"History doesn't repeat itself," Mark Twain wrote, "but it rhymes." This week, in the House of Commons and in Quebec, politicians were replaying golden oldies. Susan Delacourt writes:
Here was interim Conservative Leader Rona Ambrose, for example, telling reporters on Monday why people in the West were getting fired up about Energy East.
“I’m hearing from Albertans, and from people in Saskatchewan, that this is just like the (National Energy Program),” Ambrose said at the Monday news conference. “That’s what they say. That this is just like back in the 80s when the last government … put strict measures in place that deflated the Alberta and Saskatchewan and British Columbia economy, that affected the resources sector.”
And Denis Cordere, the Mayor of Montreal and a former Liberal MP, was channelling separatist ghosts from the past:
Though Coderre is a federalist, on this issue he’s on-side with Quebec separatists, who have cast the Energy East pipeline as an unwanted intrusion by the rest of Canada into the province — kind of like the 1981 Constitution.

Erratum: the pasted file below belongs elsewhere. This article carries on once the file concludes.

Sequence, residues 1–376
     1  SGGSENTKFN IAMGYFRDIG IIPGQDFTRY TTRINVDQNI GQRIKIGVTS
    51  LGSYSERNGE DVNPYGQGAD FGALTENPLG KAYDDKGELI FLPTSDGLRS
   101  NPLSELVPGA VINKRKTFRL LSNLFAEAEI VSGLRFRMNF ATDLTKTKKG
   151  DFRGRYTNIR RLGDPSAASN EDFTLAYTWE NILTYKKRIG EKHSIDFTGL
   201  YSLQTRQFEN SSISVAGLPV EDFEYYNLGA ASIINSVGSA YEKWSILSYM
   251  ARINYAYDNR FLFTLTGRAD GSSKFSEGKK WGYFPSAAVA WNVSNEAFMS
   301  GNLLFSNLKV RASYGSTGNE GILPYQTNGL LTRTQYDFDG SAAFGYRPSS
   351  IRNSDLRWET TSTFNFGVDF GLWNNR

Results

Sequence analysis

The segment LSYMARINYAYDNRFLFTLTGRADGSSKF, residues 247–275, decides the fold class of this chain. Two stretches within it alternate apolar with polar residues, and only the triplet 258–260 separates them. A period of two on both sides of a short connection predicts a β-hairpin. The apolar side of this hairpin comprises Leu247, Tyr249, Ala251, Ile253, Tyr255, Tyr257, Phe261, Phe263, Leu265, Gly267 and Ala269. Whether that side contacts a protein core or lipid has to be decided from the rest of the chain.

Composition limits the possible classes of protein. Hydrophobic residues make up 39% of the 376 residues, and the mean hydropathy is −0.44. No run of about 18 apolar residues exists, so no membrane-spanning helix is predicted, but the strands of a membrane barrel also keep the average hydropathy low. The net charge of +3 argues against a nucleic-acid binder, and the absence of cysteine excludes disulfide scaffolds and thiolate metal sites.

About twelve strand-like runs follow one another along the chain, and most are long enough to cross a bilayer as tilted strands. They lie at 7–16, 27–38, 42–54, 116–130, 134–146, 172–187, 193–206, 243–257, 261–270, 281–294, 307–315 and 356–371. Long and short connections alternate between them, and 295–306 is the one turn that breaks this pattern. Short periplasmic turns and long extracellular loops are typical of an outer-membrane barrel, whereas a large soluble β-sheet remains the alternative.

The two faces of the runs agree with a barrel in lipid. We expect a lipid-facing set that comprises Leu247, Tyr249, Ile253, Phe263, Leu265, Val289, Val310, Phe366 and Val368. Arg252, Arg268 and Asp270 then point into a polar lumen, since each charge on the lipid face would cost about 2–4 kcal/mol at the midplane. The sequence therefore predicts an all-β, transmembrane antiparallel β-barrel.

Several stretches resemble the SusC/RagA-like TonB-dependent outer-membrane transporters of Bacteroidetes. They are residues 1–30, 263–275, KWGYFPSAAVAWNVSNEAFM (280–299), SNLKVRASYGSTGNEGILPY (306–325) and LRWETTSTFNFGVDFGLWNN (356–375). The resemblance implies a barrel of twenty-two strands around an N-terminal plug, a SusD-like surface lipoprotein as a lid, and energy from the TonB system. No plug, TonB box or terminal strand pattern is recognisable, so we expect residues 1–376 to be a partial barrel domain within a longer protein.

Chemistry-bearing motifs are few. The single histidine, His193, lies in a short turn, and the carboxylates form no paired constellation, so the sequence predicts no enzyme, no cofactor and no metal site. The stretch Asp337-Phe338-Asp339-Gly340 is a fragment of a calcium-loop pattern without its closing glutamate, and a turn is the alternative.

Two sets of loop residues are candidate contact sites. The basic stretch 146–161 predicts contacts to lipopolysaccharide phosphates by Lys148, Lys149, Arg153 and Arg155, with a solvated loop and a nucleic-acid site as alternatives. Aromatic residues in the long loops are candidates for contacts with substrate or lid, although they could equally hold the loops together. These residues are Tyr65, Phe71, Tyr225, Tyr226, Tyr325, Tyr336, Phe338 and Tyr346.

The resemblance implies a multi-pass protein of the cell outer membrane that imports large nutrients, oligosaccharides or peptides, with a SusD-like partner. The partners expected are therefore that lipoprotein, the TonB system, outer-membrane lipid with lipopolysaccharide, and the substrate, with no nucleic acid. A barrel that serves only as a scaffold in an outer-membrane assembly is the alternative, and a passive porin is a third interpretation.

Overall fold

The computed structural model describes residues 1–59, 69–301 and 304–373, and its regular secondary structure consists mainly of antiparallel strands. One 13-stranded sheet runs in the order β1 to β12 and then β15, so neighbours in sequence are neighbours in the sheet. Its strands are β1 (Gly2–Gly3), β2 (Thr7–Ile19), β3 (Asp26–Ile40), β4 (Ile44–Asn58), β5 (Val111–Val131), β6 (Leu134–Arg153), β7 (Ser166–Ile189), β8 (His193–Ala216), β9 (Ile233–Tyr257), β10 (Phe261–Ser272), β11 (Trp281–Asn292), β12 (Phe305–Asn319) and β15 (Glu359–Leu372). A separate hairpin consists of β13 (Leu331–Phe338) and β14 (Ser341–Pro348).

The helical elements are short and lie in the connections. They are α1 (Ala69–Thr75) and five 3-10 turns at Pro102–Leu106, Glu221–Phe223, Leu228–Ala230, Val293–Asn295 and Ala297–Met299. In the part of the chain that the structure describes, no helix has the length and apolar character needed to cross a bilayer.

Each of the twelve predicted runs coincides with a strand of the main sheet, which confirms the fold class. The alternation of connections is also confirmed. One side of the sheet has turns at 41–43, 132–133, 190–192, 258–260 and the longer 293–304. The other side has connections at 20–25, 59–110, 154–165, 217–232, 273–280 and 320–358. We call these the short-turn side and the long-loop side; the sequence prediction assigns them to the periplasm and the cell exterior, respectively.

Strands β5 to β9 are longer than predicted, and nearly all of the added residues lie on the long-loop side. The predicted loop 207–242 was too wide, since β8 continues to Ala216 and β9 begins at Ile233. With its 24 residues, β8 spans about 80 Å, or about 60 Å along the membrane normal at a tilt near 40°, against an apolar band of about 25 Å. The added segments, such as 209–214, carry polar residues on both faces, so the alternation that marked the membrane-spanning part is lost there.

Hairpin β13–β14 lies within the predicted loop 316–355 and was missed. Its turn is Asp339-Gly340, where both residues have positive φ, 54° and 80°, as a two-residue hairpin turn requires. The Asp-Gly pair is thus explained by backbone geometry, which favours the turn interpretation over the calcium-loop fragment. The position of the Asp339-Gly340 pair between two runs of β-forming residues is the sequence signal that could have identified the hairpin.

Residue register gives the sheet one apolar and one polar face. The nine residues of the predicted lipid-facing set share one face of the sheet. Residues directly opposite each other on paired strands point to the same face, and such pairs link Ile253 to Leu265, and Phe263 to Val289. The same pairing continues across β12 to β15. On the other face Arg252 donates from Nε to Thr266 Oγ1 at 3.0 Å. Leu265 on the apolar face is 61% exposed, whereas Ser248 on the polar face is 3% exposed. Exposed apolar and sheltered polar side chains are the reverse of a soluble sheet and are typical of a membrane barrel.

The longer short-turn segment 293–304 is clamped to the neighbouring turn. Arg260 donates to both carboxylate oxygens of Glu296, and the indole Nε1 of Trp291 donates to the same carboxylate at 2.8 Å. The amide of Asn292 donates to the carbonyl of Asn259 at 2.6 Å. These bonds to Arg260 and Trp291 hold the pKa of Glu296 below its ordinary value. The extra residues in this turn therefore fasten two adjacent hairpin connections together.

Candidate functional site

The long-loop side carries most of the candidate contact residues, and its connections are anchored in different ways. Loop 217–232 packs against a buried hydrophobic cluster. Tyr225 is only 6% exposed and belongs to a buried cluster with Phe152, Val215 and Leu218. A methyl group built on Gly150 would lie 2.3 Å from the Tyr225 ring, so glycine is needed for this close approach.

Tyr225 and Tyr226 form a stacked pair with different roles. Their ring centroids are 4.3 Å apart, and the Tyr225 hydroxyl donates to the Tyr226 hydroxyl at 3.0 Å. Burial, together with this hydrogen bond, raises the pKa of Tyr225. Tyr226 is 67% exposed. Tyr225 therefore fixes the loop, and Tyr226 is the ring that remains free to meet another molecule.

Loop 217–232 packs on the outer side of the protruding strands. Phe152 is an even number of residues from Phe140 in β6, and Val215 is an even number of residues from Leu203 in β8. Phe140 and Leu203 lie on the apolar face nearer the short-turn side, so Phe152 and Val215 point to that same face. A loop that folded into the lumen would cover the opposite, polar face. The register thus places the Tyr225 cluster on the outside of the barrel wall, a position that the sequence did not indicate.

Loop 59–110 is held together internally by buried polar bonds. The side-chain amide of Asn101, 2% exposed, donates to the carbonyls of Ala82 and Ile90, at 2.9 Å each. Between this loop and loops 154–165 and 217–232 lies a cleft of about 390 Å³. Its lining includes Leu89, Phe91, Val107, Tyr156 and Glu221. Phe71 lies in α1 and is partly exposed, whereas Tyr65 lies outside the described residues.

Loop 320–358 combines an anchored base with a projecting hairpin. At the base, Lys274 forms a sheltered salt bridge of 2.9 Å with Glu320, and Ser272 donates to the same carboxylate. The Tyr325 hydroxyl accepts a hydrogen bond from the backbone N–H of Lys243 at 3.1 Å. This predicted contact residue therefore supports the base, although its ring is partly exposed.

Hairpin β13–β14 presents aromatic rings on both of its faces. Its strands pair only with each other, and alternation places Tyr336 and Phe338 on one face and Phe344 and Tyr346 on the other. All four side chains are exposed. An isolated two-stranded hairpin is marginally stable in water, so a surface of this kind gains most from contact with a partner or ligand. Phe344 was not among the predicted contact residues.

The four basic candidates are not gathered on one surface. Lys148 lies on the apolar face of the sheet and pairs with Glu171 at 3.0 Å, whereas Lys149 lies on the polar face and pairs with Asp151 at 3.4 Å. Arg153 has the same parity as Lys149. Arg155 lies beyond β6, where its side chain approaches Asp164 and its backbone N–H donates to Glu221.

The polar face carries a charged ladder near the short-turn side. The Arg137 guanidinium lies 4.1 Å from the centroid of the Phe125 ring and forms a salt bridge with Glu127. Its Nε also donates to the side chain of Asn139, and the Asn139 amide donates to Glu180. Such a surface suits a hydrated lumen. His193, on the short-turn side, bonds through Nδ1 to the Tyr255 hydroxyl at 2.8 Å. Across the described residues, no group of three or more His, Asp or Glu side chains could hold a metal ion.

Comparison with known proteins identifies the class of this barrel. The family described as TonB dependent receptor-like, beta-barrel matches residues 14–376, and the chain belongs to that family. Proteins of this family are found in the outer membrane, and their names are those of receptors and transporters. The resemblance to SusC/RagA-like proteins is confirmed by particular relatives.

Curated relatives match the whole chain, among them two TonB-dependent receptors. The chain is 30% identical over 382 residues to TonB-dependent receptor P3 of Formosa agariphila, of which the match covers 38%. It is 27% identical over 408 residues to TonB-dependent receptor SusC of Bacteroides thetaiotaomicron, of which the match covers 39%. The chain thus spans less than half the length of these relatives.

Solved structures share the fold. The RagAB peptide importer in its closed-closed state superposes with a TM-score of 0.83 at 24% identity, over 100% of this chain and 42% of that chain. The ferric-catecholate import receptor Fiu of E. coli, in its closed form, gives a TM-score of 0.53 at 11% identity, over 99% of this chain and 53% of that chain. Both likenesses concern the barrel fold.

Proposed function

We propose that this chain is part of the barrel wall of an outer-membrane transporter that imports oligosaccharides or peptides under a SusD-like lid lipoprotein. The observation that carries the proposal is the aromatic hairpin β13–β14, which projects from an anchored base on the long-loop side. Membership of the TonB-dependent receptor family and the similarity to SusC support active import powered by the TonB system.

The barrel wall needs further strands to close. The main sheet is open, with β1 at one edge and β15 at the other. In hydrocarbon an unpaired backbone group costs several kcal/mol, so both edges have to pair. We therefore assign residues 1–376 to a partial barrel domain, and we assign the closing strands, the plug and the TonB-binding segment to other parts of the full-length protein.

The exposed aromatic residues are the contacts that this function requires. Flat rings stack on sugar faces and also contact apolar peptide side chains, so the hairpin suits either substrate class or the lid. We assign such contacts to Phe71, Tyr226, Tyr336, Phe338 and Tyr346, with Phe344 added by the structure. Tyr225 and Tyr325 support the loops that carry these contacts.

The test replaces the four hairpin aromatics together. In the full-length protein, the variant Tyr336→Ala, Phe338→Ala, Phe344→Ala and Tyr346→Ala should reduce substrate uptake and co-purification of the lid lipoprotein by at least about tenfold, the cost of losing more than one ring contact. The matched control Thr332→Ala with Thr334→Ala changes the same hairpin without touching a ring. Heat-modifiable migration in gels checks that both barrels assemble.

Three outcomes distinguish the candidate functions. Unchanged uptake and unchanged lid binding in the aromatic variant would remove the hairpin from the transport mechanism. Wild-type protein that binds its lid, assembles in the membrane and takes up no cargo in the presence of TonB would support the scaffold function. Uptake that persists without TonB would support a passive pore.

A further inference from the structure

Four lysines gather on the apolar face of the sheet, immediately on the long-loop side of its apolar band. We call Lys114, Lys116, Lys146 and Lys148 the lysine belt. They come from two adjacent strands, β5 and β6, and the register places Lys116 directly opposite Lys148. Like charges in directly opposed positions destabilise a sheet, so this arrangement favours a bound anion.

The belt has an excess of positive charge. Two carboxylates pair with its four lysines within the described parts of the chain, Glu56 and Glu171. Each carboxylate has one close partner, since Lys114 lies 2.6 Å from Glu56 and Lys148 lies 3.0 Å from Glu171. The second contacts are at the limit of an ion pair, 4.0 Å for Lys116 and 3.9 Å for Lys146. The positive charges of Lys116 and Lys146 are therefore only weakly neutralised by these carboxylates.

“Independence is also being able to say no to a pipeline,” a spokesman for Parti Québecois leader Pierre-Karl Péladeau said last year about Energy East. “Like all the other bad decisions taken by the government in Ottawa.”
The reason one studies history is to avoid the mistakes of the past, not to repeat them. But, when we exorcize ghosts we may well repeat those mistakes.